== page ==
Caching Very Large Data Sets¶
This section provides several recommendations for when you need to cache a large data set.
When caching the data of a view, the cache engine executes two UPDATE statements that may take a long time when you are caching a large data set (hundreds of millions of rows). These UPDATE statements are executed to:
- Invalidate the existing data in the cache table.
- Changing the status of the rows that have been inserted from “processing” to “valid”.
Both UPDATEs are executed in the same transaction. The section The Full Cache Mode at Runtime explains this process in detail.
When working with large data sets, these UPDATE statements will have to update millions of rows. This may be a problem if the cache database limits the size of the transactions log or the time it takes the database to execute these statements is not acceptable. For these scenarios, the cache engine provides an option you can enable to speed up the process of loading the cache and to prevent the issues with the transaction log. If enabled, the process of loading the cache of a view changes in three ways:
- The rows are inserted with state “valid”, instead of inserting them with state “processing” and then executing an UPDATE statement to change their status to valid.
'cache_invalidate' = 'all_rows', execute the statement
TRUNCATE TRACE, which will clear the cache table, instead of an UPDATE statement.
'cache_invalidate' = 'matching_rows', execute the UPDATE statements outside a transaction.
To enable these options, add
'cache_atomic_operation' = 'false' to CONTEXT clause of the query that loads the cache. For example:
SELECT * FROM employee CONTEXT ( 'cache_preload' = 'true' , 'cache_invalidate' = 'all_rows' , 'cache_wait_for_load' = 'true' , 'cache_return_query_results' = 'false' , 'cache_atomic_operation' = 'false');
We only recommend adding this parameter when is necessary for several reasons we will explain below, but first we will explain how this parameter changes the way the data is cached and invalidated:
As explained in the section Full Cache Mode, the rows are inserted with the status “processing” and then, in a transaction, their status is set to “valid”.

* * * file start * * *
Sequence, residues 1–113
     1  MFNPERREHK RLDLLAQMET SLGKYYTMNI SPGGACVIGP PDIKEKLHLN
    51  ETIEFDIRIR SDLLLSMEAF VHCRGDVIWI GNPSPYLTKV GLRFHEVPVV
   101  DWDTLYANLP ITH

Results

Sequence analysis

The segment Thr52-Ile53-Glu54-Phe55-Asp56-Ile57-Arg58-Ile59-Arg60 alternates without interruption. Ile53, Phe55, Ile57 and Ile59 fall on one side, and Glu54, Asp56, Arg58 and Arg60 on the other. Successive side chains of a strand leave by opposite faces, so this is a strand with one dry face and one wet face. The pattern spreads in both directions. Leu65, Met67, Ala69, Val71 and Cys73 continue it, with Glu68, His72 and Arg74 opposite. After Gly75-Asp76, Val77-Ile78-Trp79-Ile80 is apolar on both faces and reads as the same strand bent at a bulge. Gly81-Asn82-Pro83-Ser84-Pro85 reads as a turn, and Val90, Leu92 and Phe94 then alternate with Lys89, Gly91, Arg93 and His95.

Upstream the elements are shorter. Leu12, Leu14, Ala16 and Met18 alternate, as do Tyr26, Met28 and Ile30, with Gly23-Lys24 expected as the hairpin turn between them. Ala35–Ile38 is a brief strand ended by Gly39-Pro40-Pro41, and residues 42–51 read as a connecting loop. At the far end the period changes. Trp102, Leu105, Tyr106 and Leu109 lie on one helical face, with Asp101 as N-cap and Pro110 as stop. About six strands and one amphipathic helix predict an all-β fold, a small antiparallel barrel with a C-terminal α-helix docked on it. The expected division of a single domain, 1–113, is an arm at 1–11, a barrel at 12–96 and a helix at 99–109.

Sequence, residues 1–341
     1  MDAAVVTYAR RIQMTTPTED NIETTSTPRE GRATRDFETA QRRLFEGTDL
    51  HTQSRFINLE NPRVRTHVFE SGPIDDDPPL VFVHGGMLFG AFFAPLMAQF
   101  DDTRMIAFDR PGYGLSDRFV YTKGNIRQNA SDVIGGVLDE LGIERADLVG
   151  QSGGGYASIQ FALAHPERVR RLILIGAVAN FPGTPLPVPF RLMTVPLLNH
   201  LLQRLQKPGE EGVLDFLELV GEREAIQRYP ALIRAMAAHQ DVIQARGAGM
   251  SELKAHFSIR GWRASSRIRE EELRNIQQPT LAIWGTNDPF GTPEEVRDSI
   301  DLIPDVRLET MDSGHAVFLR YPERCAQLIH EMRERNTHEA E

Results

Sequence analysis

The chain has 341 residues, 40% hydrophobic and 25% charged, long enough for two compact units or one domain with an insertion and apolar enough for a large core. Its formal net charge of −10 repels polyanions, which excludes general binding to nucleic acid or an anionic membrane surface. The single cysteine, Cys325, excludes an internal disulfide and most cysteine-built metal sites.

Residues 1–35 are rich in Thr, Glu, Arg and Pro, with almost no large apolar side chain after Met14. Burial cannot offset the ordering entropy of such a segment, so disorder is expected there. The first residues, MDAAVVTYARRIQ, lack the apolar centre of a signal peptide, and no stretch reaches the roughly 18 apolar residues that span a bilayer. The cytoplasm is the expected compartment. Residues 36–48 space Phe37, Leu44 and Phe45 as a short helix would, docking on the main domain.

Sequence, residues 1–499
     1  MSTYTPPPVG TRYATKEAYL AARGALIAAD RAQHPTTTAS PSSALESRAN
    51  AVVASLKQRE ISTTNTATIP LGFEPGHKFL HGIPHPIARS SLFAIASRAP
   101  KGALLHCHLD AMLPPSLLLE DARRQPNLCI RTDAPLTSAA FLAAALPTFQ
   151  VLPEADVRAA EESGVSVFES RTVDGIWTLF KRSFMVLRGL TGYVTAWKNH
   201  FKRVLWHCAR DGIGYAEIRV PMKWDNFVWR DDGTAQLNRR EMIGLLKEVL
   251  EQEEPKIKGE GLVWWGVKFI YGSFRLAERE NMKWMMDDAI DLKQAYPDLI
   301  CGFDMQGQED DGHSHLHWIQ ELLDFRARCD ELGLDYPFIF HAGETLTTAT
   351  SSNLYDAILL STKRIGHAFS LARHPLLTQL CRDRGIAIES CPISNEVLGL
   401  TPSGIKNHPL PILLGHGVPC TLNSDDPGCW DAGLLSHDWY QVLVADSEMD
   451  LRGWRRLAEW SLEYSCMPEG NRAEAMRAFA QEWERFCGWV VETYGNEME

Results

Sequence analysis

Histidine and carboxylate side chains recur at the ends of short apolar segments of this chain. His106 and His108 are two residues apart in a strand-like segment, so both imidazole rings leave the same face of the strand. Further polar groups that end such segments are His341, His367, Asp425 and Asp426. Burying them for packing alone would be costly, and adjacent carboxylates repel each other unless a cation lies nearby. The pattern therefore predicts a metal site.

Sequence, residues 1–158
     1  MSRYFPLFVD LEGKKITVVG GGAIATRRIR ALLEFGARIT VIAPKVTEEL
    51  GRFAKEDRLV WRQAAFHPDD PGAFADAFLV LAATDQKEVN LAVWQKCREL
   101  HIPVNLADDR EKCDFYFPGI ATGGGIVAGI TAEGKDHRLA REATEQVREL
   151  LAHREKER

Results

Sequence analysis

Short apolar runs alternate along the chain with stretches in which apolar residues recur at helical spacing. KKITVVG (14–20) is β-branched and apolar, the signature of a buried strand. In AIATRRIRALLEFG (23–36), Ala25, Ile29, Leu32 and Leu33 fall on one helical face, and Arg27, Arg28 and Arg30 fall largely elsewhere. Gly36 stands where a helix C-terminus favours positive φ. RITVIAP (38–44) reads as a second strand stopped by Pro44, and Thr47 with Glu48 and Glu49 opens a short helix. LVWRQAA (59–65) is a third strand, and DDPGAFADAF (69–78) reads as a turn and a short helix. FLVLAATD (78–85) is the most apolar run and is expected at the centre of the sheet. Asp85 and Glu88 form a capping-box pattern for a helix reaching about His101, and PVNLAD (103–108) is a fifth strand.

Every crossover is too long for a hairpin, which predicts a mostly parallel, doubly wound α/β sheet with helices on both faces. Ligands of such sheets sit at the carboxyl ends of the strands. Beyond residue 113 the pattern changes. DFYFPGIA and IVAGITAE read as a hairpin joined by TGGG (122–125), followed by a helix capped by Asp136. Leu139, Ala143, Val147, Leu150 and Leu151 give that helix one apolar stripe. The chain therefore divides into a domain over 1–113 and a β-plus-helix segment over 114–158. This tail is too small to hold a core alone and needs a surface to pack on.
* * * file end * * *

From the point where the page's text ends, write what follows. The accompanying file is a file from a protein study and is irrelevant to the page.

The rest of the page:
With the parameter
'cache_atomic_operation' = 'false', the rows are inserted with the status “valid”. The benefit is that the cache engine does not have to execute an UPDATE to change the status of the new rows. This reduces the time of inserting new data into the cache table and avoids issues with the transaction log of the database.
When the query to load the cache has the parameter
'cache_invalidate' = 'all_rows', after inserting all the rows, the cache engine executes an UPDATE to change the status of all the “old” valid rows to invalid.
If the query has
'cache_atomic_operation' = 'false'and
'cache_invalidate' = 'all_rows', the cache engine executes
TRUNCATE TABLE <cache table>before inserting cached data. This statement removes all rows from a table. In all databases, TRUNCATE is much faster than running an UPDATE to change the status of the rows from valid to invalid or execute a DELETE to delete all of them. The reason is that TRUNCATE bypasses the transaction log and UPDATE and DELETE do not.
After the TRUNCATE TABLE, the cache engine begins inserting the cache data.
If the query has
'cache_atomic_operation' = 'false'and
'cache_invalidate' = 'matching_rows', the cache engine executes an UPDATE that changes the status of the valid rows that meet the WHERE condition of the query. Then, it begins inserting the new rows, with the status “valid”.
The UPDATE statement that switches the rows from valid to invalid is different than when you do not put